What Is The Cost Effectiveness of Geothermal?
The colder the climate is at your location the less economical geothermal becomes, do to heating requirements.
The warmer the climate is at your location the more economical geothermal becomes, do to cooling requirements.
Either way if you install a geothermal heating system it will be the largest consumer of electricity in the house.
As an example it would cost about $1,430.00 a year with an effective "delivered"
rate for electricity of thirteen
kilowatt hour for the 11,000 kilowatt hours of electricity that the
Canadian GeoExchange Coalition
says is the average consumption of electricity for an average residence (don't forget to add taxes!).
Geothermal heating systems are increasingly becoming more economical for both residential and commercial
(much more for commercial with the larger neeed for air conditioning) applications,
however with the current costs of energy, they are not as economical to operate as
conventional natural gas heating system
(forced air furnace, boiler, etc.).
Using geothermal energy to cool the building in the summer dramatically improves the system's
its environmental impact, compared to an air conditioner, which consumes considerable amounts of electricity,
if it is in steady use, compared to the electricity required by a geothermal system for cooling!
Although there are in
fact very few days of the year when air conditioning is actually needed, especially with a modern well constructed building or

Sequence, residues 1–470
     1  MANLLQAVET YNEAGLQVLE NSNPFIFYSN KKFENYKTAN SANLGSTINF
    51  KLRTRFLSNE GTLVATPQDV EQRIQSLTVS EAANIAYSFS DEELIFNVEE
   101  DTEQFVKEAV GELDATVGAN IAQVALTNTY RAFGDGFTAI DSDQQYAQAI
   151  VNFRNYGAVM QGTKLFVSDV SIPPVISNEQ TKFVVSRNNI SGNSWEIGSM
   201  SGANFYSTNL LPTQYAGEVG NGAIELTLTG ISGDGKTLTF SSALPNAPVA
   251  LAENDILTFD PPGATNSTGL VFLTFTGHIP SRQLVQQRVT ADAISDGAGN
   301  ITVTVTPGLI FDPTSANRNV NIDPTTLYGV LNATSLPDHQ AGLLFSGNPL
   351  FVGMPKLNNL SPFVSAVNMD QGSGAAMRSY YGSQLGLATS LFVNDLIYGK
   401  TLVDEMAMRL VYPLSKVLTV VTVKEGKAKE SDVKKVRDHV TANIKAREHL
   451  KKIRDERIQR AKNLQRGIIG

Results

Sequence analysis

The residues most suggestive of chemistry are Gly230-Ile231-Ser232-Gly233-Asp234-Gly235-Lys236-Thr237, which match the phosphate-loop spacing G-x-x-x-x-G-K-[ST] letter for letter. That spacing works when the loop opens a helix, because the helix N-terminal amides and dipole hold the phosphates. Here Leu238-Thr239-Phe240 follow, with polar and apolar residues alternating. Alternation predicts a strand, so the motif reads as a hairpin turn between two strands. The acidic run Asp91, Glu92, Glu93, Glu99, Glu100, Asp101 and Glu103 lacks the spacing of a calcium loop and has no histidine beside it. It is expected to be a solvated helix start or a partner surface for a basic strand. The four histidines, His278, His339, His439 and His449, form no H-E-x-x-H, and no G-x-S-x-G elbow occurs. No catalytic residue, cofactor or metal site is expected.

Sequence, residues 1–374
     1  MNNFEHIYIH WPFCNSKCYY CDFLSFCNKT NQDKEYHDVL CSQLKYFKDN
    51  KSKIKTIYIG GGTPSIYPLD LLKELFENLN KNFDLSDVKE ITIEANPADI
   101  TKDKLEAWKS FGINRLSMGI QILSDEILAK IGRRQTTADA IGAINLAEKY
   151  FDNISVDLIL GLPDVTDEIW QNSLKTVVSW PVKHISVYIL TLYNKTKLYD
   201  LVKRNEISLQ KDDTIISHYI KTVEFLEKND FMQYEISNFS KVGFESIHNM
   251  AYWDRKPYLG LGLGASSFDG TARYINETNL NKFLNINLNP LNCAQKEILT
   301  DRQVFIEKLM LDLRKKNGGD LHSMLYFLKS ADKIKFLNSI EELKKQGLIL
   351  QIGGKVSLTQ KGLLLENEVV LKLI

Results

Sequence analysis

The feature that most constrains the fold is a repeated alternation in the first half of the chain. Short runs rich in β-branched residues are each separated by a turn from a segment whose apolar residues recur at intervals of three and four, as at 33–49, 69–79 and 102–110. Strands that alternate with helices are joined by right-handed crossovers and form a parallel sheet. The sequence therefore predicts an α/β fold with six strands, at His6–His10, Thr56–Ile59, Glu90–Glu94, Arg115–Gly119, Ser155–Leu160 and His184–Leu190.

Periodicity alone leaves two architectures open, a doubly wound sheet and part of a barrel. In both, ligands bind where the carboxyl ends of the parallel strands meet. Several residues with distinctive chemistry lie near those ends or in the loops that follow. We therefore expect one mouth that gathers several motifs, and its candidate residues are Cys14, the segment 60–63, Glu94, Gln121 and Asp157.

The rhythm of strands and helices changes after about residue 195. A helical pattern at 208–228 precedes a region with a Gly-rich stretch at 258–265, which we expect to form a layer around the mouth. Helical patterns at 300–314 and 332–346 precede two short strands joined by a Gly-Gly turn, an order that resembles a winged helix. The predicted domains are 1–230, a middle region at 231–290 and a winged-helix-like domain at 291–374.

older buildings with upgraded insulation, energy-efficient windows, window coverings, etc.
It is foreseeable that there will come a time where the cost of energy and the cost of operating a geothermal
heating system will become more economical. We see the most practical applications
right now as being commercial and rural
residential, where with the cost of bringing in the utilities is a factor, if you are only required
Installation cost versus the size of geothermal system?
Like a conventional heating system a geothermal heating system should be sized for the heat loss of your building.
Systems should be designed to meet the building's heat
loss, systems are sometimes sized to 70-80 per cent of
the heat loss (which should meet heating needs on all
but the coldest days), to considerably reduce the installation
costs of the
system. An undersized system will have to work too hard (consume more energy) to heat the building.
Ensuring your geothermal heating system is designed to provide the optimal results will likely result in increased
installation costs, but effectively reduce energy consumption and operating costs.
Of course, the required size of any heating system and its installation costs, can be
considerably reduced if your building is
well insulated and you follow good energy conservation practices.
The CSA standard C448 for installation covers the design of geothermal systems.